Until recently I could see no way forward in addressing this conflict other than the so-called “two state solution,” with the nation of Israel and a newly-created Palestinian state residing side-by-side, with a negotiated land swap that would approximate the pre-1967 war’s border.
Everybody knows that Hamas, Gaza’s ruling party (chosen by democratic election), still refuses to recognize Israel’s legitimacy. Few know, however, that Israel’s ruling Likud Party, along with other parties in its governing coalition, are officially and adamantly opposed to any meaningful two-nation arrangement.
The US is hardly an honest broker in this conflict. Israel is by far the largest recipient of US foreign aid, now at $3.8 billion per year. US support for the Palestinians is a tiny fraction of that, almost all of which is routed through various UN agencies to support basic infrastructure and refugee provisions. (President Trump has already cut those payments and is threatening to cancel them outright.)
While it’s true that US recognition of Jerusalem as Israel’s capital does not affect any concrete structural changes; it does however give symbolic strength to Israel’s claim of sovereignty over all of Jerusalem, in contravention of United Nations’ mandates (which also make all of Israel’s West Bank settlements illegal under international law).
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There is a popular saying among visitors to Israel/Palestine: Stay for a week, and you think you can write a book. Stay for a month, and you think, well . . . maybe an essay. Stay for a year, and you don't know what to say.
I do not pretend in these spare comments to offer policy guidance toward a different future. I do know, as the saying goes, that when you find yourself in a hole, the first thing you do is stop digging. And I do know, without a shadow of a doubt, that the dominant narrative in American political culture is not only shortsighted but also complicit with Israel’s brutal occupation of Palestine’s population.
The only genuine, lasting security is mutual security. At present, the West Bank and Gaza are more like maximum security prisons.
Truth be told, over the past hours of writing I have fought off my own heart’s numerous pleas to cease and desist any public comments on this topic. I am connected to several communities for whom conversation about sexual orientation is a breeze compared to discussions of Israeli-Palestinian relations. The volatility quotient is enough to shut down meaningful dialogue. In addition, for people like myself, who at this distance face little existential threat, the subject easily becomes a conveniently liberal parlor exercise. When there’s no blood on the floor, talk is cheap.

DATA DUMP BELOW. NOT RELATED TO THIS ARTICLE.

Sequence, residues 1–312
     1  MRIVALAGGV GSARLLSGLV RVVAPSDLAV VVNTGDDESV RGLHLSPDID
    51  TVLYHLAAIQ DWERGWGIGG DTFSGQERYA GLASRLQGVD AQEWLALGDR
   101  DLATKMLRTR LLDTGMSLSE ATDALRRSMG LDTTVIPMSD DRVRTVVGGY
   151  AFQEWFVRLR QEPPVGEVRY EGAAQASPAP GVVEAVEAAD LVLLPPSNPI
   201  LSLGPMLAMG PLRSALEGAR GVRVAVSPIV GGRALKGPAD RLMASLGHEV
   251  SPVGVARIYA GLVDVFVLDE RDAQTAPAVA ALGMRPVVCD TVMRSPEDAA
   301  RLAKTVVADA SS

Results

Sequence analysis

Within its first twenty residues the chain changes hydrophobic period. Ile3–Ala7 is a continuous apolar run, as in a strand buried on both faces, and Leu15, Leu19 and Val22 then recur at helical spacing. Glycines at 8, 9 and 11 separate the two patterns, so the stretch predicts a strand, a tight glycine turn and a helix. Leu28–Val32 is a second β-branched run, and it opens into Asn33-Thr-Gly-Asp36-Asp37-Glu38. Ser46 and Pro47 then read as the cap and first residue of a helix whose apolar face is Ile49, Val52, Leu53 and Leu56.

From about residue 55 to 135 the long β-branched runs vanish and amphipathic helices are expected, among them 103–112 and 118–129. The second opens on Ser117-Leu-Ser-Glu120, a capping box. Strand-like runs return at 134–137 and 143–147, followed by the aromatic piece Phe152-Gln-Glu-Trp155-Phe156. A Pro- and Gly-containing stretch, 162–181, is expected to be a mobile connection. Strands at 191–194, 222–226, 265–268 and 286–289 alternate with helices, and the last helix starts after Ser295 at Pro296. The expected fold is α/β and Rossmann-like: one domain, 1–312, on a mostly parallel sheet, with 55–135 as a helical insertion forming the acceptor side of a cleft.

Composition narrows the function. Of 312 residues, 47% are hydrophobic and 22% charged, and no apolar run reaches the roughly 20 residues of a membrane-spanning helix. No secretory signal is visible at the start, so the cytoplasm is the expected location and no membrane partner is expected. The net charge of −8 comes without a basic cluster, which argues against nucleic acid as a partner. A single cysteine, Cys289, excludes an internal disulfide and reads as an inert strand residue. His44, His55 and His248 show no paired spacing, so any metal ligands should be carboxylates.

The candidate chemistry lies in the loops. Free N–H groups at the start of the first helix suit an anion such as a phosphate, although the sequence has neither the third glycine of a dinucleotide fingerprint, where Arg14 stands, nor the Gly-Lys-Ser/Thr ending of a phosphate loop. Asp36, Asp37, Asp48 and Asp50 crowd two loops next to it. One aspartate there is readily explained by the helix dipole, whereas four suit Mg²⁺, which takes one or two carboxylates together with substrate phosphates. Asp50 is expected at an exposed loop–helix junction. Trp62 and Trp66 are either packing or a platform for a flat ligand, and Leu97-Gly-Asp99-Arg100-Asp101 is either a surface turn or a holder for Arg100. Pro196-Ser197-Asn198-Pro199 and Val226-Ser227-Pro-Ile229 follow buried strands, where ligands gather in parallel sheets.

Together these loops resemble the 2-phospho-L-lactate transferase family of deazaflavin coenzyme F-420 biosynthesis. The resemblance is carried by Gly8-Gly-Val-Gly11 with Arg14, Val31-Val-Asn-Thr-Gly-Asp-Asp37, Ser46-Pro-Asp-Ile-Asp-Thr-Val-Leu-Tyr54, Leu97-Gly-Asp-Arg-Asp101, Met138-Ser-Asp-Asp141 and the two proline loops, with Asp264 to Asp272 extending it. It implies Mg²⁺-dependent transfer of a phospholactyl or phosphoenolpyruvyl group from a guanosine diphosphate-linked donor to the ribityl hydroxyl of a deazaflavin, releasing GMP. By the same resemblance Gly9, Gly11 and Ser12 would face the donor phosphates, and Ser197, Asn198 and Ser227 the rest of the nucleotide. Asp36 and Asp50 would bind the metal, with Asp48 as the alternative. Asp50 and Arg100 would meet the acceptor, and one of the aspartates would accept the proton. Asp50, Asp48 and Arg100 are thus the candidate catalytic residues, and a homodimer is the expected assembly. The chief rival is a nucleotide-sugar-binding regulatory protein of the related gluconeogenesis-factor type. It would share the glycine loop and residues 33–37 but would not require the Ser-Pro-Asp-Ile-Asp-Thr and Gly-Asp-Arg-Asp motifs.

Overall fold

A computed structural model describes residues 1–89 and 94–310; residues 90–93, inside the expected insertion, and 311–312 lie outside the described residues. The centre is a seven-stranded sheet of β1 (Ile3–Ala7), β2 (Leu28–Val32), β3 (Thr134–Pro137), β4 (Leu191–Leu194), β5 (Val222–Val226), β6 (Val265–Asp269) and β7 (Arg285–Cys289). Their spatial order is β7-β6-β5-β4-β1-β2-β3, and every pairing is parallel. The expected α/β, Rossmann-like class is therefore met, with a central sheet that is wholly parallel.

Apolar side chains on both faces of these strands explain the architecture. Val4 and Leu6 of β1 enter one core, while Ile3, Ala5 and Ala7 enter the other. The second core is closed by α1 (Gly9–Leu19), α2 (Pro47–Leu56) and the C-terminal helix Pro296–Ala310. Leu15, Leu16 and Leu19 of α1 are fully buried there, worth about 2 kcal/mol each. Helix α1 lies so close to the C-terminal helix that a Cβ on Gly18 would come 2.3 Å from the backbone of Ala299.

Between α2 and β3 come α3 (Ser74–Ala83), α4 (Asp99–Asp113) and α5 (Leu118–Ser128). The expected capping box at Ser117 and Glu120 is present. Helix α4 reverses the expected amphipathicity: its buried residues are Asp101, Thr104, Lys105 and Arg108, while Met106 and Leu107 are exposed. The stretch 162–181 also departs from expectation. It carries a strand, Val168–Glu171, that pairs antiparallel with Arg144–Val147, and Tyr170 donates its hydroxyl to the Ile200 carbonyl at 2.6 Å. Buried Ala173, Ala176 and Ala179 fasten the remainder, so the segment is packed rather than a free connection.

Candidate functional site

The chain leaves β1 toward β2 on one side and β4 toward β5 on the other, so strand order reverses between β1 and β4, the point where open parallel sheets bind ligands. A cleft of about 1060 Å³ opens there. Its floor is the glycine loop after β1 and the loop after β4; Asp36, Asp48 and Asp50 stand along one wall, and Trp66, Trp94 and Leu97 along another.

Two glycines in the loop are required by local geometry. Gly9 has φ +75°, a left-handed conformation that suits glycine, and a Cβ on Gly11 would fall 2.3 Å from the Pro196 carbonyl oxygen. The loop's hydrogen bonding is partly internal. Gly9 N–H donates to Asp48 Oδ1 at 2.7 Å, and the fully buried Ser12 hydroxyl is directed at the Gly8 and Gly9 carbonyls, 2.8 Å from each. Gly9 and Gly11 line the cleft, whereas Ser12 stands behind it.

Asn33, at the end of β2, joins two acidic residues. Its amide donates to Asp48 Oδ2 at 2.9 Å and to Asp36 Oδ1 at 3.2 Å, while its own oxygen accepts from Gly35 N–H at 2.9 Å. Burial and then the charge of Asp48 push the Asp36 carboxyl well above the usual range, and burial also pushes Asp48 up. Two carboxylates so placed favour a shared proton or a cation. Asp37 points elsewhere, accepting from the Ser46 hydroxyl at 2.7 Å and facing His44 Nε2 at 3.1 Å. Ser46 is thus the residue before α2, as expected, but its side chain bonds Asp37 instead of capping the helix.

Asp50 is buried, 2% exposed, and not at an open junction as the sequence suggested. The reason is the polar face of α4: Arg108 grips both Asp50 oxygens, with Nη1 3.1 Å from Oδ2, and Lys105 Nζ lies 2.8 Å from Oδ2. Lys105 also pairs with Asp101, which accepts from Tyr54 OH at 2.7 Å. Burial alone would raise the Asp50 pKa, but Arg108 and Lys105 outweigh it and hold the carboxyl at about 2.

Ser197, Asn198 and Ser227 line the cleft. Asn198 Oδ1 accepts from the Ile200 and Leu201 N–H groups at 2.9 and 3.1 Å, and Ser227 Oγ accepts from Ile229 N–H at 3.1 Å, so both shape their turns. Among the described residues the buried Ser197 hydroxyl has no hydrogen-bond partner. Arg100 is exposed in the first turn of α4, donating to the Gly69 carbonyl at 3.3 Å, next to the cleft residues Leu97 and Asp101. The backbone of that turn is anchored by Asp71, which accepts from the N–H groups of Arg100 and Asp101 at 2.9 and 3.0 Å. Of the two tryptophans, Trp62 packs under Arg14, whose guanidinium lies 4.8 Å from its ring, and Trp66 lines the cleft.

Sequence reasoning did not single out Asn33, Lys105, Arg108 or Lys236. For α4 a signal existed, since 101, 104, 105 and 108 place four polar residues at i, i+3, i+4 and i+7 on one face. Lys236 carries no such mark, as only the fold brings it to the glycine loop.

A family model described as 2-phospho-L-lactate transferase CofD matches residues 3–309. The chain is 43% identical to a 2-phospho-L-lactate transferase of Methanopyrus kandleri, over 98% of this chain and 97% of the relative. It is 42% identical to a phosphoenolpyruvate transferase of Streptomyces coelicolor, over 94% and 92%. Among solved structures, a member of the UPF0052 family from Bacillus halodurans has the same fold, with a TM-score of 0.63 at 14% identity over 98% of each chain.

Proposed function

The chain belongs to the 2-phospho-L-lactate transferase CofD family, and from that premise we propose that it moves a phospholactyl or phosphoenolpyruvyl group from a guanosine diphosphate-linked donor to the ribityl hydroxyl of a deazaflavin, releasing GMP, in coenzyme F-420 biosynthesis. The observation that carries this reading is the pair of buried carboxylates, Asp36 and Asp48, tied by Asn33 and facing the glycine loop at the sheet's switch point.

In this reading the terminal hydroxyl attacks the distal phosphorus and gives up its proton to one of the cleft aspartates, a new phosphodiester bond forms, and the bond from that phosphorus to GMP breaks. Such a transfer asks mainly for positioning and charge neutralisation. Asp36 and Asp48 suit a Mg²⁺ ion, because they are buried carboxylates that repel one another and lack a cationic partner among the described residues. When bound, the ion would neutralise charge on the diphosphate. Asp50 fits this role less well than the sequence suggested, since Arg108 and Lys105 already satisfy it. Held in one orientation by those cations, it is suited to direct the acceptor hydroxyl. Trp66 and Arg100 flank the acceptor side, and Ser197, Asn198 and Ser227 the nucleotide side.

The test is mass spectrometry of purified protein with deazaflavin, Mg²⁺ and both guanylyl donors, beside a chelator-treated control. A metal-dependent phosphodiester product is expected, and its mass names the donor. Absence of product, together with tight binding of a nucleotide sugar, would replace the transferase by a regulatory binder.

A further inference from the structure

In the end, though, silence on the matter is both an abdication of liability (make it go away!) and a collaboration with infamy. We have the right neither to demand this conversation nor to abandon it. We sit, always, on a moral precipice—but that is exactly the proper posture of reverence. Shared reverence is our only hope.
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In the end, my political pessimism is held at bay because I know a few of the many (far more than you might think) Israelis and Palestinians—Jews, Christians, Muslims, and other people of conscience—who arise each day, indefatigably and almost beyond imagination, to practice truth-telling and justice seasoned with mercy and compassion. And I know a few others, here in the US and elsewhere, who persevere in their support for these militant agents of reconciliation.
What to do? At the very least, dig deeper for information and perspective on this topic beyond what our dominant media supplies. Hold your heart open to the possibility of connecting with the network of resisters, healers, and visionaries who dream differently, inspired by the vision spoken of by the Prophet Micah, for the day when all shall sit under their own vine and fig tree, with none to make them afraid (4:4).